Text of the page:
Real life use of each_cons?


#1

Hello,

I’ve been going through the enumerable/enumerator methods that I’m
unfamiliar with and came across each_cons. Apart from a post by a guy
who wasn’t sure where it was even defined, I have only come across one
use of it in the wild:

(From Prawn)

def polygon(*points)
move_to points[0]
(points << points[0]).each_cons(2) do |p1,p2|
line_to(*p2)
end
end

Does anyone have any ideas on other cases where each_cons would be
useful? Or perhaps insight into why it’s in Ruby?

Best,

M


#2

On Thu, Jan 29, 2009 at 12:19 AM, Mischa F. removed_email_address@domain.invalid
wrote:

 move_to points[0]
 (points << points[0]).each_cons(2) do |p1,p2|
   line_to(*p2)
 end

end

Does anyone have any ideas on other cases where each_cons would be
useful? Or perhaps insight into why it’s in Ruby?

I think you may have been confused by my ugly code there. I have
replaced it with:

def polygon(*points)
  move_to points[0]
  (points[1..-1] << points[0]).each do |point|
    line_to(*point)
  end
end

The reason why it’s not needed is because we draw the lines from point
to point.

But if we were drawing them segment by segment, it’d make sense.

[[1,2],[3,4],[5,6],[1,2]].each_cons(2) { |a| p a }
[[1, 2], [3, 4]]
[[3, 4], [5, 6]]
[[5, 6], [1, 2]]

I imagine I had refactored a line p1, p2 call down to just line_to(p2)
without fixing the each_cons()… sorry about that.

In general each_cons is useful when you need a sliding window of size
n across a dataset.

-greg


#3

On Thu, Jan 29, 2009 at 12:53 AM, Gregory B.
removed_email_address@domain.invalid wrote:

def polygon(*points)
move_to points[0]
(points << points[0]).each_cons(2) do |p1,p2|
line_to(*p2)
end
end

Does anyone have any ideas on other cases where each_cons would be
useful? Or perhaps insight into why it’s in Ruby?

Here’s a more reasonable usage, for solving a simple tree-traversal
problem:
http://blog.majesticseacreature.com/archives/2008.10/euler_67.html


#4

On Thu, Jan 29, 2009 at 1:15 AM, Mischa F. removed_email_address@domain.invalid
wrote:

Also, it seems that if you refactor prawn, there will be no actual usage
of each_cons on github, apart from the ruby projects of course!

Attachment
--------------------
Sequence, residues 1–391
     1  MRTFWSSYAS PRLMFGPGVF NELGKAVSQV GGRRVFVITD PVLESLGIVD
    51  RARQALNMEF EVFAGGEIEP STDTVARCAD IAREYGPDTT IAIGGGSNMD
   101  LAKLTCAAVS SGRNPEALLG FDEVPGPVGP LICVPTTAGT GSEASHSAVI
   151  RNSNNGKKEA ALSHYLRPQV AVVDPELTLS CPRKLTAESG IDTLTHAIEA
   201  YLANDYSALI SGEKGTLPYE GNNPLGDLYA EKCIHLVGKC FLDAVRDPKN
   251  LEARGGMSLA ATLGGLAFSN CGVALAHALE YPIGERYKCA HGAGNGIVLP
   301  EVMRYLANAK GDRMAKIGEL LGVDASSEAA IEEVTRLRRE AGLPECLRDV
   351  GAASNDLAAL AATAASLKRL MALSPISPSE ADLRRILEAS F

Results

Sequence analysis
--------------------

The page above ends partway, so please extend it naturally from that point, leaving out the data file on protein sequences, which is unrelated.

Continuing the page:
Already done.

http://github.com/sandal/prawn/commit/7c68dadeae3c89822a6ab0713af435b912441600


#5

2009/1/29 Mischa F. removed_email_address@domain.invalid:

 move_to points[0]
 (points << points[0]).each_cons(2) do |p1,p2|
   line_to(*p2)
 end

end

Does anyone have any ideas on other cases where each_cons would be
useful? Or perhaps insight into why it’s in Ruby?

You can find some uses in this mailing list’s archive:

http://blade.nagaokaut.ac.jp/cgi-bin/vframe.rb?key=each_cons&cginame=namazu.rb&submit=Search&dbname=ruby-talk&max=50&whence=0

Useful applications are those where you need a moving window over a
collection of data, for example when calculating moving averages
(smoothing a plot) or distances between adjacent values.

Kind regards

robert


#6

Gregory B. wrote:

On Thu, Jan 29, 2009 at 12:53 AM, Gregory B.
removed_email_address@domain.invalid wrote:

def polygon(*points)
move_to points[0]
(points << points[0]).each_cons(2) do |p1,p2|
line_to(*p2)
end
end

Does anyone have any ideas on other cases where each_cons would be
useful? Or perhaps insight into why it’s in Ruby?

Here’s a more reasonable usage, for solving a simple tree-traversal
problem:
http://blog.majesticseacreature.com/archives/2008.10/euler_67.html

Interesting. Thanks a bunch Gregory. Traversal had occurred to me as a
possible use, but I wasn’t sure.

Also, it seems that if you refactor prawn, there will be no actual usage
of each_cons on github, apart from the ruby projects of course!

M


#7

each_cons just saved me an unpleasant headache. I use it together with
each_line to implement file parsing with lookahead:

f.each_line.each_cons(2) do |line, next_line|

end